Her Work: Susan M B Chen
Susan M B Chen is a Hong Kong-American artist who paints interiors and landscapes that investigate the poetics of space. Dualities and the interior-exterior juxtaposition touch upon themes of dissonance, a search for belonging, and millennial anxieties framed by the digital world. Chen grew up between Hong Kong and the United Kingdom during the Hong Kong handover, prior to moving to the United States to attend Brown University, where she received her B.A. Honors in Visual Arts and International Relations (2015). Her work has been exhibited and collected by United Kingdom Parliament, Shanghai Hosane Auction House, Perry & Marty Granoff Center for the Creative Arts, Brown University Investment Office, and is part of private collections in several international cities. She currently maintains her art practice in New York City and is pursuing her M.F.A. in Visual Arts, Painting at Columbia University School of the Arts.
Artist Q and A
Where do you live/work?
I’m currently an MFA painting student at Columbia University School of the Arts, so I paint in one of their studios in West Harlem on 125th street in NYC. Previously in the city, I also spent a year sharing studios at The Elizabeth Foundation for the Arts in Mid-town Manhattan.
What themes do you explore in your work?
I am currently in the midst of painting a series of Asian American portraits. I’m a first-generation Asian American, and being alone here in the States while my family lives abroad, has made this project particularly meaningful to me as I attempt to readjust my perspectives looking from both the lens of an ethnic majority in one part of the world to that of a minority in another.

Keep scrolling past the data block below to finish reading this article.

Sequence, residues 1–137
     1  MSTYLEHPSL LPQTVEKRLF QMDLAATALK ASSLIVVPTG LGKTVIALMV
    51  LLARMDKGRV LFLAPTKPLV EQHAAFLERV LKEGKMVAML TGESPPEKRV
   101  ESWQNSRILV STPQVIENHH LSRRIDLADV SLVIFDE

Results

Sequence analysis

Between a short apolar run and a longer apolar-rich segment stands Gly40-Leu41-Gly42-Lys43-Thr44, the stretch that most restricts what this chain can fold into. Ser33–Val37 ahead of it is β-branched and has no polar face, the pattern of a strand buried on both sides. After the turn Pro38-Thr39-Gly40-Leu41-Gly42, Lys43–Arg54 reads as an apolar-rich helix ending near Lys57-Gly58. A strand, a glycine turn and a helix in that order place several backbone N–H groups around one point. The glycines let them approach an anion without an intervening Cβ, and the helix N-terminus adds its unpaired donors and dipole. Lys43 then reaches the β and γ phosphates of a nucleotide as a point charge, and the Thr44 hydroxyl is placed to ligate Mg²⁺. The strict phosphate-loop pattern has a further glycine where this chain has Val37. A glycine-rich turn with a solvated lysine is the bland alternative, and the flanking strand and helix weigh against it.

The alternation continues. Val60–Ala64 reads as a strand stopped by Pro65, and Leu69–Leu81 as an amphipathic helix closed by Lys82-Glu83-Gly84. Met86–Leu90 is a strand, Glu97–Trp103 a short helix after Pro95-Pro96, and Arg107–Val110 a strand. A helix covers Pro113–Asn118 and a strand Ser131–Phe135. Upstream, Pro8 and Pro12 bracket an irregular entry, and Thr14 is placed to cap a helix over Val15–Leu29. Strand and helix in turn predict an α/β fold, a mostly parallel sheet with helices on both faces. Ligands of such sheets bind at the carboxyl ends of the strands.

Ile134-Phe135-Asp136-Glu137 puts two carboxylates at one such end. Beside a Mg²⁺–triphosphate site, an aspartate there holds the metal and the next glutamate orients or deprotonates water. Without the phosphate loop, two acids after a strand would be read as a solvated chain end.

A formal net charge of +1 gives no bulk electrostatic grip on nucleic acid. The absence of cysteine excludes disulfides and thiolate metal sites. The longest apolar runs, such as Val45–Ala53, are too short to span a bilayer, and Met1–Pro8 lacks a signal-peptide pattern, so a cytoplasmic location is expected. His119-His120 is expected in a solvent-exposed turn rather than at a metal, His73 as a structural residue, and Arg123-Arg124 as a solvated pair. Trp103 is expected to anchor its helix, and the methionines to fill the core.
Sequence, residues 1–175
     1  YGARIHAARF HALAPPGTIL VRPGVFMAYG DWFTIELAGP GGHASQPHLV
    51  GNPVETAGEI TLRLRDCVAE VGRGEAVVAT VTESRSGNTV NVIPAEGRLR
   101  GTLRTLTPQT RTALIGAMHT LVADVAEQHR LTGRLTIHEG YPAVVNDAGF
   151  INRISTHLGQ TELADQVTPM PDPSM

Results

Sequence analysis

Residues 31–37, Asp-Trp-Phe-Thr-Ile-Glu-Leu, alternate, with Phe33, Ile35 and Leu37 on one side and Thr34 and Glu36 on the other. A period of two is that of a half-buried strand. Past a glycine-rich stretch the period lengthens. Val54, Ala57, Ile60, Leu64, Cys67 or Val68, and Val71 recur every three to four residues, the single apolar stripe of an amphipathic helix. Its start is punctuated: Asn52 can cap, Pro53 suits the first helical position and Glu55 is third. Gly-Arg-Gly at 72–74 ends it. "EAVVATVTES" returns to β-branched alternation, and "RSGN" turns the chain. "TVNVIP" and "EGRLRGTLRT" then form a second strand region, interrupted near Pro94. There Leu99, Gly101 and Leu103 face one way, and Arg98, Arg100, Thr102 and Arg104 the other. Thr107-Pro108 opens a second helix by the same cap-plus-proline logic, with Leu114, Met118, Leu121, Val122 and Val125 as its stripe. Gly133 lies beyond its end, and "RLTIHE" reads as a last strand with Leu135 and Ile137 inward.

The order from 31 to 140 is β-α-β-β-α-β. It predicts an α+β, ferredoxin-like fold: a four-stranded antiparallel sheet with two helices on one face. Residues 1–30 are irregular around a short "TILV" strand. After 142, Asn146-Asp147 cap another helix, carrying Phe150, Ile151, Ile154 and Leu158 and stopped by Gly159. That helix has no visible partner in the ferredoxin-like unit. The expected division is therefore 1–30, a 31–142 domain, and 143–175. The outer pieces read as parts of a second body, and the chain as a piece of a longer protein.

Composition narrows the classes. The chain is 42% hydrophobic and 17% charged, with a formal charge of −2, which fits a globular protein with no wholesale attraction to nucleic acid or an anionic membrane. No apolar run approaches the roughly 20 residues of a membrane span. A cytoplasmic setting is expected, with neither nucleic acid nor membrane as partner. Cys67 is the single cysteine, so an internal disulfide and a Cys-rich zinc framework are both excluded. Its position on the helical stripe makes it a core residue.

In painting these portraits, I simultaneously find myself questioning the idea of visibility (or invisibility) in response to the lack of Asian/Asian American representation in Western portraiture and in our Western Art institutions. I’ve had the fortunate learning opportunity to investigate the psychology of race and various perspectives of my portrait sitters on their ideas of identity, home, heritage, immigration, prejudice, family, longing, love and loss.
I hope that my efforts to share their portraits and stories can help a minority community feel a greater sense of inclusion, acceptance, and part of a greater social conversation -- particularly, in a society where Asian American faces are less frequently shown in everyday media.
What is your experience being a woman in this industry? Do you find it difficult, challenging, inspiring…?
This is a complicated question, and I’m sure varies from person to person.
Coming from Asia, I have been exposed to a society where to be able to hang a painting by a (white) male artist in your home is an ultimate status/symbol of wealth and prosperity. Being fully aware of this, I entered this industry with pre-conceived notions that art made by male artists will always seem more valuable than female-made paintings.
Furthermore, up till a certain time period, women were not allowed to take art classes, for example: in the 1800s, there was a cap on the number of women who could attend France’s Académie Royale of Painting and Sculpture, or that women were not allowed to take life drawing classes with men. Yet, this didn’t mean there were no female artists; they have always existed, but were perhaps just not “seen” or recorded in art history. In that sense, we are now living in a time where women can take art classes and exhibit, which makes painting in today’s age extremely hopeful and exciting.